For all they knew, they were preparing for a big game.
But what Northwestern baseball coach Mitch Walters didn’t tell his team a week ago was that he was preparing them for the next three weeks.
As the season has gone on for the 22-2 Trojans, who begin the Class AAAA district playoffs Thursday night against J.L. Mann, the expectations have increased. That was never more evident than a week ago, when Walters knew the following day’s game against Rock Hill was canceled but never bothered telling his team.
“It was weird,” senior Michael Patrick said. “Usually the day before the game, it’s a lot easier than that. But it might have been our hardest practice of the year.”
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Walters was just pushing buttons, trying to keep a talented team focused. After all, the cancellation of the Rock Hill game because of a scheduling issue meant they’d go into tonight’s playoffs with a week between real games. No amount of practice or intrasquad games can match the intensity, and Walters admits worry.
“I’m wary, just because you miss the routine of playing in a game,” Walters said. “We want to stay in game mode for what’s coming up, so I wasn’t going to tell them they had the next day off. But they show up, and they work hard, and hopefully we give our best effort the next few weeks.
“They think I’m a little bit crazy, but I think they’ve got a lot more in them.”
At the moment, the Trojans are an impressive run. They swept through the region season, and haven’t lost a game since a March 21 game at Nation Ford. There was a stray loss at Fort Mill on March 8, but otherwise, the Trojans have been perfect.
They know that makes them a marked team entering the playoffs, but Walters thinks there’s something about this team that has them ready for the playoffs.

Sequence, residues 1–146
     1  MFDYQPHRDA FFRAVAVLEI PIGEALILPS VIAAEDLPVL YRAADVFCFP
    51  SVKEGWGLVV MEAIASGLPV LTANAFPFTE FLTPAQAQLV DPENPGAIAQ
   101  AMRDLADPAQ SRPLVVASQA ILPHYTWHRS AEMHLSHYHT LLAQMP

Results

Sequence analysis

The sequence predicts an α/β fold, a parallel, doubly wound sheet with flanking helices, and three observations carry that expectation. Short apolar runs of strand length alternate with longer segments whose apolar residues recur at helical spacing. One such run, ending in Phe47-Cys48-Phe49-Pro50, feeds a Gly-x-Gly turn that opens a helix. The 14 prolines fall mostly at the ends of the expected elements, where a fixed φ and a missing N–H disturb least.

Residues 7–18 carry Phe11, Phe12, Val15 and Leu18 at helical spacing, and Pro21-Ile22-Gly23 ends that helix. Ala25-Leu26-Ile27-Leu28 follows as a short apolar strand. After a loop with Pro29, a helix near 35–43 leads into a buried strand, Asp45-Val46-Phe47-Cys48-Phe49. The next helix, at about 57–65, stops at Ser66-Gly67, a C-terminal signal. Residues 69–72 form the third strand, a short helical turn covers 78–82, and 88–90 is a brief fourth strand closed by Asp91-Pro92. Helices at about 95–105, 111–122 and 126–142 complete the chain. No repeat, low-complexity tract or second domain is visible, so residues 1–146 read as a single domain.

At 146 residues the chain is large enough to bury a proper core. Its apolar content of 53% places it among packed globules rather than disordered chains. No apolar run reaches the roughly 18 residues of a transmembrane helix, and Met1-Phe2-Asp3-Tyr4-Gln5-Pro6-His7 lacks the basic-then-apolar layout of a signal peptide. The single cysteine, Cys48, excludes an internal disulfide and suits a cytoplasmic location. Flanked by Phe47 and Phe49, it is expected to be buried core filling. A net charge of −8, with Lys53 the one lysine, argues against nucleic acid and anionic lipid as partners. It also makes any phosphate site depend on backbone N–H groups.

Last year’s team won the district before losing its first two in the Upper State playoffs when bats went silent in a 1-0 loss to Blythewood and a 3-1 loss to Easley. That was the last game for then-senior sparkplug Stewart Hunt, the player everyone looked to in difficult spots.
That’s the biggest difference in this year’s team. There’s not one guy. There are nine.
“Stewart was a guy who always kept the intensity up, and he was a big loss for us,” senior pitcher Shane Myers said. “That was a struggle for us for a while, because we didn’t know how to respond to it at first.
“This year, we as a senior class had to adjust to that. We knew we had to do things differently, because we’re different people.”
The leadership of their senior class will be crucial, but the familiarity bred by years of playing for and against each other has made it an easy mix.
“He was on my team when I was 7, I played with him when I was 8, I played against him in travel ball when I was 9 ” shortstop Sammy Taormina said as he surveyed a practice this week, continuing around the field to many long-time teammates. “We’re just a team that’s always together. Even on the weekends, when we’re doing something, we’re always together, whether we’re playing Xbox or out looking at girls, we’re always in a group.
“I think that helps us, because we all know what we’re capable of.”
Yet another senior, Kyle James, said it was mostly a laid-back group, with an easy familiarity built over the years.
“We all know each others talents and non-talents,” James joked. “We’ve just been playing together so long, we know everything about each other.”
Walters is happy to let that group take the lead, as Walters knows that peer leadership’s often more effective than anything he can tell them.
“At this age, they’re going to respond to peer pressure a lot more than anything I can tell them,” the veteran coach said. “They’re going to do everything they can to not let their buddies down.
“I’m willing to let them take care of the problems, and let us just coach and fill out the lineup card.”
That lineup is a talented one, headed by Taormina (who’s going to Liberty on a baseball scholarship next year) and Patrick (who’ll play at Winthrop).
That talent has gotten them this far, with very few setbacks. But thanks to the lessons Walters has been drilling in their heads lately, they know that none of that matters anymore.
“People have been talking since last year about how good we’re supposed to be,” James said. “That’s a huge expectation, because a lot of people are saying we’re supposed to win the state. That’s a lot of pressure, but the reality is, the playoffs are all that matters.
“When we lost to Nation Ford, we had a lot of guys playing at 50 percent. We found out then we had to go 100 percent every day, that we’ve got to keep working every day, or we’re not going to win anything.”